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Diagnostics of thyroid cancer

Primary work-up

  • Thorough family anamnesis 
  • Clinical examination with inspection and palpation of the thyroid gland and neck.
  • Register sign of hyper/hypothyroidism.
  • Blood tests:
    • thyroid function including thyroid stimulating hormone (TSH) and free T4
    • anti TPO (thyroid antibody - positive for autoimmune thyroiditis)
    • s-calcium and s-albumin

If there is suspicion of malignancy, the patient should have a work-up performed by a specialist.

Ultrasound examination, other image diagnostics, or scintigraphy will delay and raise the price of the work-up for possible thyroid cancer, and should only be done in cooperation with a specialist. 

Work-up with specialist

Patients with normal thyroid function tests with a solitary node, suspect node in nodal struma, or change in detected nodal struma, should be referred to a specialist.

Triple diagnostics are performed consisting of:

  • clinical examination
  • image diagnostics - ultrasound examination
  • biopsy - fine needle cytology

Clinical examination    

  • Anamnesis and clinical examination
  • Examination of the vocal cords, if necessary

Image diagnostics

  • Ultrasound of the thyroid gland and neck with lymph node status.

In some cases, it may be necessary to carry out a MRI or CT if:

  • there are large strumas where the limits cannot be assessed well enough clinically or by ultrasound.
  • there are fixed tumors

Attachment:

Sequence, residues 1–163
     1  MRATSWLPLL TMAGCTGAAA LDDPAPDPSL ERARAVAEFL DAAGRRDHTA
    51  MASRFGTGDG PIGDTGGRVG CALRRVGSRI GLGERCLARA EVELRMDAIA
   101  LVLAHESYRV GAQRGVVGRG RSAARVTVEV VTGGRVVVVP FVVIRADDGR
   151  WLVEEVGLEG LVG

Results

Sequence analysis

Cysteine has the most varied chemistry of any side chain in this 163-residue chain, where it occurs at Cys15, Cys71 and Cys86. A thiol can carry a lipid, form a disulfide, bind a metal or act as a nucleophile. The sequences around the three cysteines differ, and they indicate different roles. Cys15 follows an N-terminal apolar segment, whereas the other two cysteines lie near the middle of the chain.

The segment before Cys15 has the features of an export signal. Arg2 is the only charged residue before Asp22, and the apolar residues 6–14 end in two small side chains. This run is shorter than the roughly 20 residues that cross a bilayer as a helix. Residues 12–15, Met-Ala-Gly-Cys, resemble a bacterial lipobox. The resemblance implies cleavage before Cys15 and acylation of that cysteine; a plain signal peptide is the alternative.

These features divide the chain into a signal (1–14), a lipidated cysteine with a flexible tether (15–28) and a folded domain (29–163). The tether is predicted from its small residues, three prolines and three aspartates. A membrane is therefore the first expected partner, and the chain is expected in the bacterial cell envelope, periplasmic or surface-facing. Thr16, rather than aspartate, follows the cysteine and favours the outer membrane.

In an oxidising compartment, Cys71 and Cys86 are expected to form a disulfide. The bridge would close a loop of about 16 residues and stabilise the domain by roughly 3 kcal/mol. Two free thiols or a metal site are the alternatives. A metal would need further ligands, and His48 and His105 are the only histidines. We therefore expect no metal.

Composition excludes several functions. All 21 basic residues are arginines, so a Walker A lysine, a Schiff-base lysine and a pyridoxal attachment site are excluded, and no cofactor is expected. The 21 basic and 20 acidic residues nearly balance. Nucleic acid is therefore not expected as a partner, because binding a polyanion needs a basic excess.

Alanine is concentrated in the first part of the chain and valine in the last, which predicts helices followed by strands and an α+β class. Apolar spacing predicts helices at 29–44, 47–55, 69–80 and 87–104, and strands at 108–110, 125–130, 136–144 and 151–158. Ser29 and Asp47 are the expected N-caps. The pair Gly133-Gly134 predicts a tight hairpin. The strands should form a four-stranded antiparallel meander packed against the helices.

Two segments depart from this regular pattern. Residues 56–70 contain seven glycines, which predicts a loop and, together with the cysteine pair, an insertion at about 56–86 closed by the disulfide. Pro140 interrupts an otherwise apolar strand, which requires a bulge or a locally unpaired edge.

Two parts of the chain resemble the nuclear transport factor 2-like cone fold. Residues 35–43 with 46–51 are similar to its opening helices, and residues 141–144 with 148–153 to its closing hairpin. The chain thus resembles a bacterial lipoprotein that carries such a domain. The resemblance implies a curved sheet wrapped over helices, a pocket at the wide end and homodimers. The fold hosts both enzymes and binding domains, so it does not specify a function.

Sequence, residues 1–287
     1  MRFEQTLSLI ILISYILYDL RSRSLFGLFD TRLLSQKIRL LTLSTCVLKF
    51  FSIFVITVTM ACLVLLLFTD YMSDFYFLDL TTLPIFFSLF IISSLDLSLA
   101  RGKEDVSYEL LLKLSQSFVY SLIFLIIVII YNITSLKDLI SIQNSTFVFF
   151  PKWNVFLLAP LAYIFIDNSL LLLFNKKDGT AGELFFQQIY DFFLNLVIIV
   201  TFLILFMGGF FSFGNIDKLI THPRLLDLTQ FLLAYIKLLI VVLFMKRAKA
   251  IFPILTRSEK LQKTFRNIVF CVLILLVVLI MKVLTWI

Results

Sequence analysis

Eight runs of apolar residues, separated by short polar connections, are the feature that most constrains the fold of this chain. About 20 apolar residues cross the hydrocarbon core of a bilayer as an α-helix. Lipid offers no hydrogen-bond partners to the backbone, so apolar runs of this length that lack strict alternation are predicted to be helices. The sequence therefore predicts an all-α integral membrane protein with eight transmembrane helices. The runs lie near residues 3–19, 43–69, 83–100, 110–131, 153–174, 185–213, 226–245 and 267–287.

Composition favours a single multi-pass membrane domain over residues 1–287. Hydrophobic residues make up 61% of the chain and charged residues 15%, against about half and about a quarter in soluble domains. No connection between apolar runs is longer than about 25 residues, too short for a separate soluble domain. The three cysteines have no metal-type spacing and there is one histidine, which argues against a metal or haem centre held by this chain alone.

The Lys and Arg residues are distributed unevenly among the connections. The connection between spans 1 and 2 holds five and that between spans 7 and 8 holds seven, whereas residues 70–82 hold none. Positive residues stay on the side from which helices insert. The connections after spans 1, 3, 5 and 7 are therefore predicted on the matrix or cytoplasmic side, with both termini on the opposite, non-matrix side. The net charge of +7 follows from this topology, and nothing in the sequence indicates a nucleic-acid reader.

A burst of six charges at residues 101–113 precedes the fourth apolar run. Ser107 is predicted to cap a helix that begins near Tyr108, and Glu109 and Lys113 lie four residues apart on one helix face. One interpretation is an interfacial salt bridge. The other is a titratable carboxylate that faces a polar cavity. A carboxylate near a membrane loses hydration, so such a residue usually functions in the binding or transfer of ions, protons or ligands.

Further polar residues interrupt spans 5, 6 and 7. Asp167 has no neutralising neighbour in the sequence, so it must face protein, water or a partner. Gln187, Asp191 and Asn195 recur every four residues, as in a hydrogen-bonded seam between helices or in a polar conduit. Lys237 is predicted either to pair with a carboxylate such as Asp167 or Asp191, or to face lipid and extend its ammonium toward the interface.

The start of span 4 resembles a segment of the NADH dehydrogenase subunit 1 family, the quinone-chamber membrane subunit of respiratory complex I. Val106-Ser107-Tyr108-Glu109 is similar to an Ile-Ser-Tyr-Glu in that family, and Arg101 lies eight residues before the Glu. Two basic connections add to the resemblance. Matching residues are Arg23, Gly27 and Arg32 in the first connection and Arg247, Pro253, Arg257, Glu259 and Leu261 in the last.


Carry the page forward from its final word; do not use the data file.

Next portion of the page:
• there is suspicion of extensive cancer 

Thyroid scintigraphy is only performed in patients with low/suppressed TSH and for suspect autonomous adenoma.

At least two months should pass after iodine-containing contrast is given until testing or treatment with radioactive iodine (131I). Therefore, the use of iodine-containing contrast agents for CT should be avoided before testing or treatment with radioactive iodine.

Biopsy - fine needle cytology

An open biopsy should not be taken of the primary tumor or lymph nodes suspect for metastases if there is suspicion of thyroid cancer. A cytological or histological needle biopsy is ordinarily sufficient.

If there is suspicion of lymphoma or undifferentiated thyroid carcinoma, an open biopsy may be necessary if a core biopsy is indeterminate.

Routine testing for calcitonin in patients with a node in the thyroid gland is controversial, but should be done preoperatively in those to be operated, or where there is a clinical suspicion of medullary thyroid carcinoma.  

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